Nevertheless, there is a fine dividing line between making data available for research purposes and simply being seen as the source of data upon which to build research proposals. Today, I got a request for access to the data from a PhD student who remarked that his PhD proposal was highly dependent upon access to the HRS dataset. Nobody had talked to us previously, so this came like a bolt out of the blue! OK, we will make the data available - after all, we are simply the custodians of the data and NOT the owners. We must not be protective apart from making sure that the data are used wisely and in the common good.
The problem I start to have is that the job of running a recording scheme for a popular group has evolved into pretty much a full-time occupation. I do not dare have a day off between about the end of February and the end of November and can anticipate putting in between 6 and 10 hours daily during the summer months. I know other schemes find it difficult to keep up with the demands on their time, so I cannot be the only one that feels the change. If running a scheme has become this demanding, there is a need to ask what motivates the recording scheme organiser and what will either:
- motivate them to keep going; or
- de-motivate them and lead to a loss of scheme activity?
I've got nothing to lose - my career has hit the rocks and in eight months time I will be able to draw my pension so I simply have to survive until then! So, I will say what others might be more reticent to say!
So, what motivates me?These days, my main motivation is to try to make sure that by the time I pop my cloggs there is somebody to take over from me, Stuart and everybody else. A huge investment of time and emotional capital has gone into building the HRS from a pretty shaky base into one of the biggest invertebrate datasets in the UK (and probably one of the biggest Diptera datasets in the World). That investment will be wasted if we have no successors.
The other thing that motivates me is that after all these years running the scheme (26 years now since 1991) we now have a long enough data run to start to do some nice analytical work and to publish some interesting papers. I WANT to do just that - after all, I was trained as a scientist, I have a scientist's mind and I want to do something meaningful with the data. BUT, I must remember that we are simply custodians of the data and NOT the owners.
I reckon we should be aiming to retire from the front-line of running the scheme around 2021 (30 years tenure) and I would like to think that by then we will have produced a decent run of papers; but to do so we must pull our fingers out (that means me!)
And what de-motivates me?I have to say that I have become increasingly frustrated to get the impression that recording schemes are looked upon by all and sundry as a source of free data. That starts with the biodiversity industry that is always looking for new ways to increase the volume of biodiversity data without stopping to think about who will compile it, verify it, generate the enthusiasm amongst recorders, validate records and extract records. In practice, it has meant that an awful lot of schemes have turned from a private passion into an Albatross - you cannot drop it without there being dire consequences for something that you have invested half your life in (well almost) but if you don't drop it you have to invest even more because the demands are increasing.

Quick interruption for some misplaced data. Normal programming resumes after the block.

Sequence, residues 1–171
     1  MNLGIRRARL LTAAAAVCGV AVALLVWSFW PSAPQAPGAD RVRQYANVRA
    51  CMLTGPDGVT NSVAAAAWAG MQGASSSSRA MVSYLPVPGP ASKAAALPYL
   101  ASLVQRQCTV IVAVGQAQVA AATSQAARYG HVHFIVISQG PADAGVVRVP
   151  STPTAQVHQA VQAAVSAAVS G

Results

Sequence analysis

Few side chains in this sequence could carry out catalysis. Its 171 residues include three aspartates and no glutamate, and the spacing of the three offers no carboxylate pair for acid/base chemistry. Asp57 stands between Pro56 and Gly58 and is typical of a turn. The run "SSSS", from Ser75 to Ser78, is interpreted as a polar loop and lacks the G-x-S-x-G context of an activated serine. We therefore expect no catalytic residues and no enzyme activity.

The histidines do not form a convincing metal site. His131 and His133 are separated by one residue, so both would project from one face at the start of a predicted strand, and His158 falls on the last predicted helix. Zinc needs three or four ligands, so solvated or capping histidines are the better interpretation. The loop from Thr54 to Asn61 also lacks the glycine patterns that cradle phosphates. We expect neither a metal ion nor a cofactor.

To then find that the academic World sees us as simply a data resource, builds PhD or other grant bids based on access to the data we compile, but does not bother to talk to us first is somewhat irksome to say the least. To then see papers emerging in which the data come from us but the credits go to the academics is deeply frustrating. It is of course 'Citizen Science' - that great unwashed with no scientific expertise providing the great scientists with the material to produce their latest papers.
I also become increasingly demoralised to encounter ever-increasing attacks on anybody who has the temerity to post a photograph of a preserved specimen or to talk about specimens as 'material'. Why should I have to spend part of my time defending the collection of data that is the only facility available to show mankind the folly of our actions? It is as if the worst part of mankind is that which lacks morality and is actually prepared to generate reliable and meaningful data. Far better to rant at Governments without reliable data and then rant because you've been shot down for lack of legally admissible information!
And the moral of the story?
I think it is time that the agenda changed from 'how to we motivate recorders to produce more data' to 'how do we maintain and improve the morale of the people that keep the recording schemes going?'
Rant over - but hopefully it sparks a meaningful debate!